The possibility that exposure to general anesthetics during early life results in long-term impairment of neural function attracted considerable interest over the past decade. Extensive laboratory data suggest that administration of these drugs during critical stages of central nervous system development can lead to cell death, impaired neurogenesis, and synaptic growth as well as cognitive deficits. These observations are corroborated by several recent human epidemiological studies arguing that such cognitive impairment might also occur in humans.
- Neurotoxic effect of nalufin on the histology, ultrastructure, cell cycle and apoptosis of the developing chick embryo and its amelioration by selenium.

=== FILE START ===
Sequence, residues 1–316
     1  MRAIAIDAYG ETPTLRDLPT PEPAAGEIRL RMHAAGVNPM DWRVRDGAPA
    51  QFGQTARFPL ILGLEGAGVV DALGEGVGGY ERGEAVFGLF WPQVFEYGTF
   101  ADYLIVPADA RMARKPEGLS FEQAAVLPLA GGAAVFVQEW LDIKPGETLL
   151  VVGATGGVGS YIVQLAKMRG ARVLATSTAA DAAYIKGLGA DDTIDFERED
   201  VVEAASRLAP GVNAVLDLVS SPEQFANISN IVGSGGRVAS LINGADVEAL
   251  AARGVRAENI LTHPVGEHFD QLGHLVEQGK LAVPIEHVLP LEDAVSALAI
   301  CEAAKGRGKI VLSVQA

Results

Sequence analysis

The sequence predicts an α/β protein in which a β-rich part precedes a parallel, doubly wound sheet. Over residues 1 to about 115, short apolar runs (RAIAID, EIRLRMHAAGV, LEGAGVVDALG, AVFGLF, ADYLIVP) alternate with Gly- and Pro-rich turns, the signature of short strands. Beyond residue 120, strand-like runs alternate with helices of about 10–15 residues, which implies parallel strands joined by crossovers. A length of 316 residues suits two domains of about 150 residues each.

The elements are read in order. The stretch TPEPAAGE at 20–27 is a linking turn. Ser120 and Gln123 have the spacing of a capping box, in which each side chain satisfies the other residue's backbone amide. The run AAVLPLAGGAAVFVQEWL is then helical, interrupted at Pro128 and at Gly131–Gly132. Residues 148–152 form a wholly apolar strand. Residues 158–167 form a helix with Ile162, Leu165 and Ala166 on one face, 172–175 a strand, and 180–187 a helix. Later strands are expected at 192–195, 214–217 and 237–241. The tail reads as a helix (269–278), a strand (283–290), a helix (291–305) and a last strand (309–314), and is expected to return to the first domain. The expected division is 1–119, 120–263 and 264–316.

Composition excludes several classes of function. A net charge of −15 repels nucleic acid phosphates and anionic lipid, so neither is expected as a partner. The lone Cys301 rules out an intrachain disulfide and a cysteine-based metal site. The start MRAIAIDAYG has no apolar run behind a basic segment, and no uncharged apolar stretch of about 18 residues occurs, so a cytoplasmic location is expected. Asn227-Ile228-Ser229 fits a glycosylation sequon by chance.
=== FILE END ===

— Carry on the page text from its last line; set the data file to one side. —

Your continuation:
- Propofol induces the apoptosis of neural stem cells via microRNA-9-5p / chemokine CXC receptor 4 signaling pathway.
- Enhanced hippocampal neurogenesis mediated by PGC-1α-activated OXPHOS after neonatal low-dose Propofol exposure.
- Implication of microglia in ketamine-induced long-term cognitive impairment in murine pups.
- Melatonin attenuates spatial learning and memory dysfunction in developing rats by suppressing isoflurane-induced endoplasmic reticulum stress via the SIRT1/Mfn2/PERK signaling pathway.